Water Footprint (Fin Print?)

Water-wise “Hugelkulture” terraces planted with a Poluculture including Strawberries This year, members of our household used an average of 26.5 gallons of water per day each. Just imagine emptying 25 gallon jugs of water, or transporting them from the store in the car! And yet, several sources, including the EPA, tell me that the average American uses 100 gallons of water per day at home (including outdoor water use, like lawn/garden.) Ironically, Michigan, a relatively wet state with plentiful rain fall, is one of the heaviest water users per capita. Yet another proof of Jevon’s Paradox, that Michigan’s plentiful supply … Continue reading Water Footprint (Fin Print?)

The Zen of Permaculture.

Risa Bear, a Blogger I’ve read for a while now, has started an interesting new blog on “Buddhism and Permaculture.” It’s basically an effort towards cross-referencing the tenants of the two systems. Risa’s thoughts have inspired me to post a brief series on the topic here.  I think it may yield some very practical results that can be used in our lives and our gardens.  Think about all the great books on a wide range of topics with titles like “the inner game of this,” or “the Zen of that,” or “the Dao of this, that and the other.” I … Continue reading The Zen of Permaculture.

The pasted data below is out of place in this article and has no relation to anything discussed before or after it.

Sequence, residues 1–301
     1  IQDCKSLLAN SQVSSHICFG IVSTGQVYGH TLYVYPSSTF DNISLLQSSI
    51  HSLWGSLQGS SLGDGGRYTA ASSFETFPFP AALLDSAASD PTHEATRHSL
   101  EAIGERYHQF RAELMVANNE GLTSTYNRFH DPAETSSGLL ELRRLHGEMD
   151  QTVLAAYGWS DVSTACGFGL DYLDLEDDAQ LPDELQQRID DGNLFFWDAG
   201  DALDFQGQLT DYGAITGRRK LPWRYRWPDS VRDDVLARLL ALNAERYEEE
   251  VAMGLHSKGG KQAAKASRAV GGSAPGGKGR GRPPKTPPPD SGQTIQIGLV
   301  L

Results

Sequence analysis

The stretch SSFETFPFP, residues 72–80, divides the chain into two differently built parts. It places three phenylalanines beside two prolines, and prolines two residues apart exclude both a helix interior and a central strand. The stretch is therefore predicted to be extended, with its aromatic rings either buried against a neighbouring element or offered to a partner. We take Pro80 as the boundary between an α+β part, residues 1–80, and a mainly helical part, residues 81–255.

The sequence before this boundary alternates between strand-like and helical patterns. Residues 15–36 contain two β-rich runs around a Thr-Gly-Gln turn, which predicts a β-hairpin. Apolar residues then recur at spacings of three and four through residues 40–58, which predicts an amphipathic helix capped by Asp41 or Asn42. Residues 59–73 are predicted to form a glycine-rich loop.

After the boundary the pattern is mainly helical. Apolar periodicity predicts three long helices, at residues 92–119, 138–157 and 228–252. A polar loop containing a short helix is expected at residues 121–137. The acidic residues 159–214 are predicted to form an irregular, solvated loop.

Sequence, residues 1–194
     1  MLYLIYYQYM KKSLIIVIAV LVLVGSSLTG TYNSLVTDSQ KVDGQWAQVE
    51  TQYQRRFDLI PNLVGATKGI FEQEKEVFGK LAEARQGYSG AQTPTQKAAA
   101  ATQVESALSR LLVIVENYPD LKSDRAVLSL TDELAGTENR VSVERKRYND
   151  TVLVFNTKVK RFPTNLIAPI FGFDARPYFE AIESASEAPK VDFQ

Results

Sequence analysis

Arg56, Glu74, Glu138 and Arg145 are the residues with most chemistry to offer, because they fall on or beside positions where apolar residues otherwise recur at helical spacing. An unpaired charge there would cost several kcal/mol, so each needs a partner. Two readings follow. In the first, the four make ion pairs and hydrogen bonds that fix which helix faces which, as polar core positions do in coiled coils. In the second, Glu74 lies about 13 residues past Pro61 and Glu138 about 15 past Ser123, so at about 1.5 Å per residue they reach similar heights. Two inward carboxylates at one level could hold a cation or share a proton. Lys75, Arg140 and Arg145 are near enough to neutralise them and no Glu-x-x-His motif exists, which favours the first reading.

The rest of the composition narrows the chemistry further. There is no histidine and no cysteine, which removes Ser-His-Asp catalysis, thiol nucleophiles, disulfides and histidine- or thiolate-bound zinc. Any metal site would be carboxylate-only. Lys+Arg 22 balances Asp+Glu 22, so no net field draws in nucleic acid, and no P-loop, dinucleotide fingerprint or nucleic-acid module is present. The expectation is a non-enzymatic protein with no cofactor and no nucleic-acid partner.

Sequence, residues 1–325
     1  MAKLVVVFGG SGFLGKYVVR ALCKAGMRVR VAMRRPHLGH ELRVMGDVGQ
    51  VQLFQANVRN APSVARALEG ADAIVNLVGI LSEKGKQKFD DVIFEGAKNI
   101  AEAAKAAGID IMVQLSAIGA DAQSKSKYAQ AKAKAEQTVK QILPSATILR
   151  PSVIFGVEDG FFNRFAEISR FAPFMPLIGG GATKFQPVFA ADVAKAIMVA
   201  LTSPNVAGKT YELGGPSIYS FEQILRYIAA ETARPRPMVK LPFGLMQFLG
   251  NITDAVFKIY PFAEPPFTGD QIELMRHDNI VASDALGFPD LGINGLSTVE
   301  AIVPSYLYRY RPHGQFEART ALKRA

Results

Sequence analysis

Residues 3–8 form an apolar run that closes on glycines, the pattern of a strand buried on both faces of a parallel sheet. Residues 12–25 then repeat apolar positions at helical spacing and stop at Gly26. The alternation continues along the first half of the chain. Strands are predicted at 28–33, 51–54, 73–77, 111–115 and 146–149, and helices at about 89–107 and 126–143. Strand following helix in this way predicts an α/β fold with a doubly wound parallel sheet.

Kalamazoo Food Sovereignty and Security.

Just hypothetically… The city of Kalamazoo, with a population density of 3,009/Sq. Mile, breaks down to more than 1/5th an acre, or more accurately, over 8,600 square feet of city space per person. Give each of us the average American home space of around 1,000 sq feet. Then Give each of us double that for work, school, parking… and perhaps there’s 5,000 sq feet per person left.  And there are many plantable windows, porches, balconies, roof-tops, etc. Grow-Bio-intesive research has found it possible to grow a complete (though possibly “boring”) diet for one person, plus all of the fertility inputs … Continue reading Kalamazoo Food Sovereignty and Security.

Matching the Investment to the Neighborhood for Better Cities

I’d like to share a “tool” we use when making spending choices for our home.  We usually know what kind of house we want to live in. And we know the kind of neighborhood we want, too. But we don’t often think about how the investment choices we make for our house can either work for or against the kind of neighborhood we’d like to live in. And sometimes the impacts can be counter-intuitive. Here’s an example of well-meaning investment with a negative community impact that can be observed in my neighborhood, and other neighborhoods in the Kalamazoo core: Over-investing. … Continue reading Matching the Investment to the Neighborhood for Better Cities